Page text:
Will Your CU Be Ready When Disaster Strikes?

A board's comprehensive recovery plan must expect the unexpected.

September 02, 2014
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Only about one-third of small or medium-size U.S. businesses have a comprehensive disaster recovery plan, according to Gartner, a technology and research advisory firm.

That statistic doesn’t surprise Paul Sullivan, vice president and general manager at Agility Recovery, a CUNA Strategic Services alliance provider. He’s often surprised by how many credit unions don't have a recovery plan in place.

CU Directors Newsletter“I always look at credit unions as being the backbone of the community,” he says. “You should be there to protect the members, no matter what.”

September is National Preparedness Month, so Credit Union Directors Newsletter sought insight from Sullivan about issues boards should consider when assessing their business continuity capability and approving their NCUA-mandated recovery plans.

Q What are the key elements to a successful disaster response?

Sullivan: First, you need a plan. But a plan is just a piece of paper.

Second, you also need a place to go should your facility become unusable. That mitigates risk because you need to restore operations as quickly as possible. You don’t want to put doubt in anyone’s mind because it’s far too easy for consumers to take their business elsewhere.

Agility Recovery Preparedness
Webinar Series

Agility Recovery, a CUNA Strategic Services alliance provider, is hosting a series of free educational webinars on the topic of organizational preparedness and resilience. All webinars will be held from 2 to 2:30 p.m. Eastern time. Information and registration

Sept. 3: Crisis Communications for any Organization. Learn the most critical steps and best practices for developing an emergency communication strategy. This includes both internal and external communications, and applies to emergencies of all types, large and small.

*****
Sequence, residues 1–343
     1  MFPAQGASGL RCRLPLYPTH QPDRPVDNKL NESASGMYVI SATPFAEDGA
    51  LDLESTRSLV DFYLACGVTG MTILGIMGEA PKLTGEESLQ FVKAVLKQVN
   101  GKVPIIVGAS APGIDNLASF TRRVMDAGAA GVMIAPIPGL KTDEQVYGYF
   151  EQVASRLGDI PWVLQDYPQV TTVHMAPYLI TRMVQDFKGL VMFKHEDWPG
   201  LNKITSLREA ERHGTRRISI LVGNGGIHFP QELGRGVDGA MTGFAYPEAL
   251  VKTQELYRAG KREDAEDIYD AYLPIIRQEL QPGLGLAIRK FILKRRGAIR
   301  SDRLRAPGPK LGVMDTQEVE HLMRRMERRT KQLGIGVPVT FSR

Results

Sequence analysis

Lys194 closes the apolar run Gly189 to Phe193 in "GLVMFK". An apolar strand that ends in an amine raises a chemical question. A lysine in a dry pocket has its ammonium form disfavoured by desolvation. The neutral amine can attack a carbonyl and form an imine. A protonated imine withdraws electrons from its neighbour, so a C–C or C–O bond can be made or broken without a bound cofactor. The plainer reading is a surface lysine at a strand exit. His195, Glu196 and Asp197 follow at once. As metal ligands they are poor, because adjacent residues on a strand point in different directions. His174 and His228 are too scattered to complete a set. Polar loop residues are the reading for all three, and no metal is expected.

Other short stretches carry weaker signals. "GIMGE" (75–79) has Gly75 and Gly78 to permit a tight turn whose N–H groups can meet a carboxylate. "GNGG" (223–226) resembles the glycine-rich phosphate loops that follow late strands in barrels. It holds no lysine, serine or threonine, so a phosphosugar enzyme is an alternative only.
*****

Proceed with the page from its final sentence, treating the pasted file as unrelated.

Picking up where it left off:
Sept. 10: How to Plan for a Power Interruption…and Recover Fast. Nearly 70% of businesses in the U.S. will lose power sometime in the next 12 months. Hear about top strategies to mitigate this threat and best practices for a swift and efficient recovery.

Sept. 17: The Top 5 Steps for Preparedness This Year. Prepare for interruptions based on the most recent disasters and those most likely to occur. Implement suggestions that could mean the difference between surviving a disaster and succumbing to one.

Sept. 24: If You Do Nothing Else This Year... Leaders simply cannot afford to overlook the risk disasters pose to their organizations and daily operations. Learn some simple ways to build your resilience as an organization with minimal commitment of time and resources.

And third, you must test the plan. That can be as simple as a tabletop exercise—bringing in all the stakeholders, running through a scenario, and making sure everyone knows their roles and responsibilities.

Rather than calling it a “test,” call it an exercise. A test says pass or fail. With an exercise, you can learn from it, and enhance your capability.

Q. Besides natural disasters, what other events should CUs anticipate?

Sullivan: The majority of what we see are isolated incidents. At one financial institution, a $2 nut that connects a water pipe to a second-floor toilet failed and the entire first floor flooded.

Credit unions are always updating or remodeling, and that typically means closing the branch for some time. But what if work crews find asbestos and they need to take abatement measures, and you can’t get back into the facility?

The biggest thing we see is power outages, which often are completely unrelated to the credit union. We’re so reliant on the network these days, whether it be phone or Internet. How do you restore your business if you don’t have access?

Q. How do you construct a plan that assesses every possible scenario?

Sullivan: Any plan has to be flexible, and it has to be a guide.

Are there going to be things that happen that we didn’t think about? Absolutely. But with a good plan, you can adapt quickly.

Another key is spreading responsibility. In a lot of organizations, leadership will turn to somebody—whether they’re in security, information technology, or risk management—but no one person can handle that.

An effective program must be built with a team in mind, and you must have management support to test it and implement it, if necessary.

This article initially appeared in Credit Union Directors Newsletter, which provides strategic insights for policy makers. Subscribers can choose to receive the print edition or PDF version.

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